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Summit Stewards Release End of Season Report

Summit Stewards Release End of Season Report

December 12, 2022 — Lake Placid, NY — In its end of season report, the Adirondack High Peaks Summit Stewardship Program reported 32,844 hiker contacts between Memorial Day and Indigenous Peoples’ Day this year. The program stated that summit stewards spoke to an average of 81 hikers per day over that time period on 18 alpine summits, with the majority of those interactions happening on Marcy, Algonquin, Wright, Cascade, and Hurricane—the five peaks with the most coverage by stewards.

“In keeping with the trend that we reported in August, the 2022 season was busier than last year, but did not approach the hiker numbers that we saw between 2016 and 2020, which were some of our highest on record,” said Kayla White, ADK Stewardship Manager.

The program also highlighted its photopoint monitoring project, which saw a major overhaul in 2022. Using photos taken of the same 59 locations at roughly five-year intervals, stewards create visual timelines that they then use to measure the recovery of vegetation. Over the last two years, these photopoints were retaken with an updated methodology, and the scope of the project was expanded to include over 130 new points.

“Photopoint monitoring allows us to visualize how educational outreach and trail maintenance protects sensitive ecosystems,” said White. “Over the last three decades, we have used this information to help land managers make informed decisions, help us make programmatic decisions, and to capture the positive impact stewards have had on New York’s alpine ecosystem.”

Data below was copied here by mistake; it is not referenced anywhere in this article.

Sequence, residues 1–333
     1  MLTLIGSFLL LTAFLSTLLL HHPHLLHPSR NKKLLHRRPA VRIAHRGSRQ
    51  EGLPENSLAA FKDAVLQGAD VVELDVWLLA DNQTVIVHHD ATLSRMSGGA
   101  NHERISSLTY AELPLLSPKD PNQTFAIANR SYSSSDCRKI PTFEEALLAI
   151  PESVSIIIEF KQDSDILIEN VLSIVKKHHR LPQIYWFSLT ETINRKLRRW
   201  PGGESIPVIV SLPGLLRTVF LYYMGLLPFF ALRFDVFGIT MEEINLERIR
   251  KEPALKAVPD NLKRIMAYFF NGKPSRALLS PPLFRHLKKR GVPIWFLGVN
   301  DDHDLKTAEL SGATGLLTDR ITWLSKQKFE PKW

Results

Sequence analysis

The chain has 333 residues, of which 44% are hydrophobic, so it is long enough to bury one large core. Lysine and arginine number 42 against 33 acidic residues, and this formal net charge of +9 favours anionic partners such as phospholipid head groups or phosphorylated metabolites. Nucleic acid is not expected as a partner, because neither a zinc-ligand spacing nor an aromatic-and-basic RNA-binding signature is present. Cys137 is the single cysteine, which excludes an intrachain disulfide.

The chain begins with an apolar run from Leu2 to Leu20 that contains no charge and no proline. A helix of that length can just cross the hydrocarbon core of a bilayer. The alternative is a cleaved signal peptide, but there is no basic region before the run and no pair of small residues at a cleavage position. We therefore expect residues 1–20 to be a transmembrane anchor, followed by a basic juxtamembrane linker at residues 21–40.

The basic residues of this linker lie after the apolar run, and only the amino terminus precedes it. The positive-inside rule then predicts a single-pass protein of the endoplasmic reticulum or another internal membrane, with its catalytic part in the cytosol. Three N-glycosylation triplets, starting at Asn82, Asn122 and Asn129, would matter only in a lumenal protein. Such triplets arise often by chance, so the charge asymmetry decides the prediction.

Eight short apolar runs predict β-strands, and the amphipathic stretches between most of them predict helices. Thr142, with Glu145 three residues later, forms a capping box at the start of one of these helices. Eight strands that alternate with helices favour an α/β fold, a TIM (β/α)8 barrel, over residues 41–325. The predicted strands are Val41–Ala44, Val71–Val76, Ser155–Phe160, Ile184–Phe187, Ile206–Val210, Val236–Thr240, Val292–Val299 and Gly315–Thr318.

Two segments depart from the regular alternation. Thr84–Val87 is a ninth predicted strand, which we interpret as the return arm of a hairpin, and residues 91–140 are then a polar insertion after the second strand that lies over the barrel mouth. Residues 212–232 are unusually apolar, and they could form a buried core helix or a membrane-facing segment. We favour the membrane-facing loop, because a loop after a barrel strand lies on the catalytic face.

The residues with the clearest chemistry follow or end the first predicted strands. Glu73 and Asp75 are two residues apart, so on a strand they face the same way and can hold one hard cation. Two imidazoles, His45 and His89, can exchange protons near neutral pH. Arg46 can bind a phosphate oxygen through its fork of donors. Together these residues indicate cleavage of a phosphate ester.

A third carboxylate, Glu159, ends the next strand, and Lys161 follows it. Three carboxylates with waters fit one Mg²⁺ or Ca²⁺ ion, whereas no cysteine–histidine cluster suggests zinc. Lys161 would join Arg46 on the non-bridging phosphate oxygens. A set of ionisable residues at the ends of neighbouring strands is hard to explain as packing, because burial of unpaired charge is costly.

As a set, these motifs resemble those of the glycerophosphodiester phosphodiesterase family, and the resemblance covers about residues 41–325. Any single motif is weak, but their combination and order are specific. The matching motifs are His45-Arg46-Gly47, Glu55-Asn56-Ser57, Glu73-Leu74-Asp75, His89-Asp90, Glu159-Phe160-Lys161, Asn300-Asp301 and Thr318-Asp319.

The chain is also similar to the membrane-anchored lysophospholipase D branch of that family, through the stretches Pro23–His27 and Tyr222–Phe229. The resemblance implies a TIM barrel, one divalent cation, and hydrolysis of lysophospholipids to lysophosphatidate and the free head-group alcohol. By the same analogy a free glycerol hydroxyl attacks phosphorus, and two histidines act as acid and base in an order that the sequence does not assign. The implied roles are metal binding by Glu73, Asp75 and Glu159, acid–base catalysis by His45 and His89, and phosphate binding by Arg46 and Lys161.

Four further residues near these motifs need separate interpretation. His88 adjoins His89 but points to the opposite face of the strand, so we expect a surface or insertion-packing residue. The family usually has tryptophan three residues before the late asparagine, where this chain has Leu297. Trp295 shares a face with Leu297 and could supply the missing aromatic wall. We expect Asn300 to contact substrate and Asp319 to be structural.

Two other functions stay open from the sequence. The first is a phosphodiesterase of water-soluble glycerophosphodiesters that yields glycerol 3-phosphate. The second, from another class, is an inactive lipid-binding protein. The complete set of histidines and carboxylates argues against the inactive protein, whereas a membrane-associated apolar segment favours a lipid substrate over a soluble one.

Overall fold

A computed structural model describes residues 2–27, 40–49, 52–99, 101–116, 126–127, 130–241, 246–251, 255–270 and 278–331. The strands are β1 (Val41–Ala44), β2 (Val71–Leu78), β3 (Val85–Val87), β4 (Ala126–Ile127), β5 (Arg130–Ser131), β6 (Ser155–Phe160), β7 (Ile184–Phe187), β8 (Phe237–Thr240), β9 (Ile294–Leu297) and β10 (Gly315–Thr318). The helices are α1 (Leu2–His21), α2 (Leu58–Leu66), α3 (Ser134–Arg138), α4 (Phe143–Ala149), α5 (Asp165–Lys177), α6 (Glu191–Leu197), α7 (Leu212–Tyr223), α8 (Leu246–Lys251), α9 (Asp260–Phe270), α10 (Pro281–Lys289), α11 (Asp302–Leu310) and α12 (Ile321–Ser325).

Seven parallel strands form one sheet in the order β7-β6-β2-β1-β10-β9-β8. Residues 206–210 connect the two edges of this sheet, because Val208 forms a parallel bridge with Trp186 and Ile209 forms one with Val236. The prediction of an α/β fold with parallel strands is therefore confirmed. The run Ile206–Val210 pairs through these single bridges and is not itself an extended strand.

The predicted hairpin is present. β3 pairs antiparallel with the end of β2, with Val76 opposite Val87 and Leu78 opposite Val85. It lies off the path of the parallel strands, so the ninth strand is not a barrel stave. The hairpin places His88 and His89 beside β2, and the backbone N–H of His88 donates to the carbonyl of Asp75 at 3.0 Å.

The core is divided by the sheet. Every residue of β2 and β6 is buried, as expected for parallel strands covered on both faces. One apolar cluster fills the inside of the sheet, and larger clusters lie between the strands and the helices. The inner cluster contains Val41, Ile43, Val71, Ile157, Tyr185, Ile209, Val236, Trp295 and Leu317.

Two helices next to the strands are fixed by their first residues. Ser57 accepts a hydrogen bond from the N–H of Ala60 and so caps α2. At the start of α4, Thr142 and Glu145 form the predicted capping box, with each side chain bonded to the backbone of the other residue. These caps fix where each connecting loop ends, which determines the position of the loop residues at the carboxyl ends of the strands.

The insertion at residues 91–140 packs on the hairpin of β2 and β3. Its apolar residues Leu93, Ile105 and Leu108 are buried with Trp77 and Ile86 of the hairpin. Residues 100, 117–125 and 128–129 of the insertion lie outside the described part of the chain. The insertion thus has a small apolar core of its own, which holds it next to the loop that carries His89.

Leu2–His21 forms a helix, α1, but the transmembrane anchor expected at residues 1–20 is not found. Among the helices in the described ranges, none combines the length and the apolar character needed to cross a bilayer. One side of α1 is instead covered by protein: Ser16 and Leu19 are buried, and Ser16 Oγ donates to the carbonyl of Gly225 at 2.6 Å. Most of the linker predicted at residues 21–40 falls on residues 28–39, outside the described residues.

A woman speaks to hikers

The last photopoint survey took place in 2015 and showed no statistical decline in vegetation on summits with a stewarding presence. However, in the years following, the region experienced an even bigger spike in visitor use. The Summit Stewardship Program will analyze this new data set to determine if and how this impacted alpine vegetation. Analysis of this year’s photopoints will take place over the winter and spring with a report expected in summer 2023. This project is done in partnership with the New York Natural Heritage Program.

“The incredible breadth of the data set, both by the number of locations and the number of repeated photos over time provides a unique opportunity to examine location-based vegetation change in the alpine zone. We are excited to be participating in this analysis to better understand the impact management actions have on New York’s alpine vegetation communities,” said Tim Howard, Director of Science at the New York Natural Heritage Program.

The complete report can be read online at ADK.org.

A group of people pose on a mountain with a lake in the background.
2022 Summit Stewardship Program staff


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